Belfast Telegraph

Monday 20 October 2014

Titanic: A Nazi piece of work

The Thermos flask used to feed Titanic survivor baby, Barbara Dainton-West
The "unsinkable" four-funnelled ship the SS Titanic. Part of the White Star Line, Titanic sank off Newfoundland on her maiden voyage to the USA after striking an iceberg (14-15/4/1912). Photograph © National Museums Northern Ireland. Collection Ulster Folk & Transport Museum
Jack Thayer, Titanic survivor

James Cameron's epic has sometimes been accused of an anti-British bias, particuarly in its somewhat romanticised portrayal of the Irish, but there was a time when the story was deliberately used as anti-British and anti-American propaganda.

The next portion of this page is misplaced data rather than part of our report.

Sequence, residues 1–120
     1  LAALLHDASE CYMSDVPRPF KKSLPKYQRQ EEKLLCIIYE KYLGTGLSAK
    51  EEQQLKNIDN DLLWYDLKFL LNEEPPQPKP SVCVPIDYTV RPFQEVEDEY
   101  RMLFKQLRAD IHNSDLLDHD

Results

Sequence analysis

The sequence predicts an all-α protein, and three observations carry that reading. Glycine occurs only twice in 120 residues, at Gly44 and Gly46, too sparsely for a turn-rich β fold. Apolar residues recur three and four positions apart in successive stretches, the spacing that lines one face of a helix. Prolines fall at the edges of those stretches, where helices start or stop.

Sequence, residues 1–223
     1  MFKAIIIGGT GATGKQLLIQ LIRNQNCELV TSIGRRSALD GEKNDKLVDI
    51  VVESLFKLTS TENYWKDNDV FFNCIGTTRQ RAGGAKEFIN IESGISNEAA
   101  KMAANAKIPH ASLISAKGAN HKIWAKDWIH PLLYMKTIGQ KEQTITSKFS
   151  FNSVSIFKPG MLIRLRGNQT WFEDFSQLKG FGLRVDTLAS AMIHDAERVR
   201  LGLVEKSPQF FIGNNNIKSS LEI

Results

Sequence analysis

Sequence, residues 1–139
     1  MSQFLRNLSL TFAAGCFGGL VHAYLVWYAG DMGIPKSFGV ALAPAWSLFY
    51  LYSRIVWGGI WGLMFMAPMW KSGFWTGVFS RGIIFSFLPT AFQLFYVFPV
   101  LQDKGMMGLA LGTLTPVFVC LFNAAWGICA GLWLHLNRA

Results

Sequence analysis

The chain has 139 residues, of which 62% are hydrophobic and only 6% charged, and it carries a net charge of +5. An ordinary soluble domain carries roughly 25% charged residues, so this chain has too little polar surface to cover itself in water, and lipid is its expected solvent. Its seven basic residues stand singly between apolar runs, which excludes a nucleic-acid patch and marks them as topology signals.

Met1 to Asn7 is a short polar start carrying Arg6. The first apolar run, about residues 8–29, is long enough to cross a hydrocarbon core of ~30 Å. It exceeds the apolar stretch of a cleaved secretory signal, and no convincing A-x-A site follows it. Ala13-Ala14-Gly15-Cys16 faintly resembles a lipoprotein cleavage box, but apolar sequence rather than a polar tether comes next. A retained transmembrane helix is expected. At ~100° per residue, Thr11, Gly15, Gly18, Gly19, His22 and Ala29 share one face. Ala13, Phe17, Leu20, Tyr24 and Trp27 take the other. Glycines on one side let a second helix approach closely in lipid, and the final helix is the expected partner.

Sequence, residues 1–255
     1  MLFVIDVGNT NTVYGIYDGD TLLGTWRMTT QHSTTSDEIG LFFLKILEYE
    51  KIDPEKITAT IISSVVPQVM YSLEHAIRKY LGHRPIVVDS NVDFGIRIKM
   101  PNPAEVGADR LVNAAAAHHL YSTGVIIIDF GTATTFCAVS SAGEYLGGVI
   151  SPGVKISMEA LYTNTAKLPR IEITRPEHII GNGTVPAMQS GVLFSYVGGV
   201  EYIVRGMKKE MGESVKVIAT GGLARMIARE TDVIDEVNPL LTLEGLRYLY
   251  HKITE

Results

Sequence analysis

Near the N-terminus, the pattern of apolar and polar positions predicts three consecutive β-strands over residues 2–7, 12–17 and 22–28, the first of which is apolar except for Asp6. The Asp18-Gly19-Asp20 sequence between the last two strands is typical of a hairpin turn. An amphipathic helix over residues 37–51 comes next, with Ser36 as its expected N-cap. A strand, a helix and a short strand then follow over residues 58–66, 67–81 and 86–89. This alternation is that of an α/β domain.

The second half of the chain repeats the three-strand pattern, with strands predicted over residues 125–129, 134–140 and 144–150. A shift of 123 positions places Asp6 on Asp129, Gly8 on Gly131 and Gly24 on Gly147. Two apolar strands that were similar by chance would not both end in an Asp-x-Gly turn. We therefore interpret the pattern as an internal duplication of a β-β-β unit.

In 1943, the film Titanic was supposed to be a Nazi polemic on evil Anglo-American capitalists versus brave German crewmen.

But the film, like Cameron's, an absurdly expensive production, was fraught with difficulties. Its first director Herbert Selpin, after being arrested and questioned by the Gestapo, was found hanged in his cell.

The cinema in which it was supposed to open was bombed the night before the premiere. Eventually, after a tepid run, it was banned by the man who had intitially commissioned it, Joseph Goebells.

And in a last, blackly ironic twist, the cruise ship on which much of the action was filmed, the SS Cap Arcona, was sunk just before the end of the war with a greater loss of life than on the actual Titanic.

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